Opioid Antagonists and the A118G Polymorphism in the μ-Opioid Receptor Gene: Effects of GSK1521498 and Naltrexone in Healthy Drinkers Stratified by OPRM1 Genotype.
Ziauddeen H., Nestor LJ., Subramaniam N., Dodds C., Nathan PJ., Miller SR., Sarai BK., Maltby K., Fernando D., Warren L., Hosking LK., Waterworth D., Korzeniowska A., Win B., Richards DB., Vasist Johnson L., Fletcher PC., Bullmore ET.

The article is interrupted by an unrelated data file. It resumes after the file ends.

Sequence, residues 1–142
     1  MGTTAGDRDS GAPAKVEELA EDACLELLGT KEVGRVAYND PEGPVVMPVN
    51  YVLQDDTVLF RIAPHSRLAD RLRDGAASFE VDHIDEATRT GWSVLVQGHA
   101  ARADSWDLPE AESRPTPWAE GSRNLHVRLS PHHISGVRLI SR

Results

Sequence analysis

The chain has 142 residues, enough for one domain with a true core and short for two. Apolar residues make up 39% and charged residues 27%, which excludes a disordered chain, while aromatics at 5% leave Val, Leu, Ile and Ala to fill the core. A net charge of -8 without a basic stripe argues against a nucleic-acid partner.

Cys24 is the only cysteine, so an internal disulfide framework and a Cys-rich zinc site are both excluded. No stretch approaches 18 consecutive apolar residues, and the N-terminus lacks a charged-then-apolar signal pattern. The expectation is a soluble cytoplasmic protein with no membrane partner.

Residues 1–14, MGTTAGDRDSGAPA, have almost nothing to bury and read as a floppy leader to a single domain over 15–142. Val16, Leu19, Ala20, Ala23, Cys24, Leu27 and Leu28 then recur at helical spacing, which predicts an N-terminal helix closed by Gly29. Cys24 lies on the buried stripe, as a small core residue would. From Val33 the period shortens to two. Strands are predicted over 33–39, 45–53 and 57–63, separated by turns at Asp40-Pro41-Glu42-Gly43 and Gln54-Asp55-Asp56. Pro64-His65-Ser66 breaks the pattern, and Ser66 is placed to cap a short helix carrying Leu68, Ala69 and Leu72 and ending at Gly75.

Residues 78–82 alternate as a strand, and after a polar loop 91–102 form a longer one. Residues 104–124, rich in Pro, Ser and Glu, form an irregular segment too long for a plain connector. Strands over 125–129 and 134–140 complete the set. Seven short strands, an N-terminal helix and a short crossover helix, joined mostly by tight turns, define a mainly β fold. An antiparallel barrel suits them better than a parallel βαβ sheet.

The A118G single-nucleotide polymorphism (SNP rs1799971) in the μ-opioid receptor gene, OPRM1, has been much studied in relation to alcohol use disorders. The reported effects of allelic variation at this SNP on alcohol-related behaviors, and on opioid receptor antagonist treatments, have been inconsistent. We investigated the pharmacogenetic interaction between A118G variation and the effects of two μ-opioid receptor antagonists in a clinical lab setting. Fifty-six overweight and moderate-heavy drinkers were prospectively stratified by genotype (29 AA homozygotes, 27 carriers of at least 1 G allele) in a double-blind placebo-controlled, three-period crossover design with naltrexone (NTX; 25 mg OD for 2 days, then 50 mg OD for 3 days) and GSK1521498 (10 mg OD for 5 days). The primary end point was regional brain activation by the contrast between alcohol and neutral tastes measured using functional magnetic resonance imaging (fMRI). Secondary end points included other fMRI contrasts, subjective responses to intravenous alcohol challenge, and food intake. GSK1521498 (but not NTX) significantly attenuated fMRI activation by appetitive tastes in the midbrain and amygdala. GSK1521498 (and NTX to a lesser extent) significantly affected self-reported responses to alcohol infusion. Both drugs reduced food intake. Across all end points, there was less robust evidence for significant effects of OPRM1 allelic variation, or for pharmacogenetic interactions between genotype and drug treatment. These results do not support strong modulatory effects of OPRM1 genetic variation on opioid receptor antagonist attenuation of alcohol- and food-related behaviors. However, they do support further investigation of GSK1521498 as a potential therapeutic for alcohol use and eating disorders.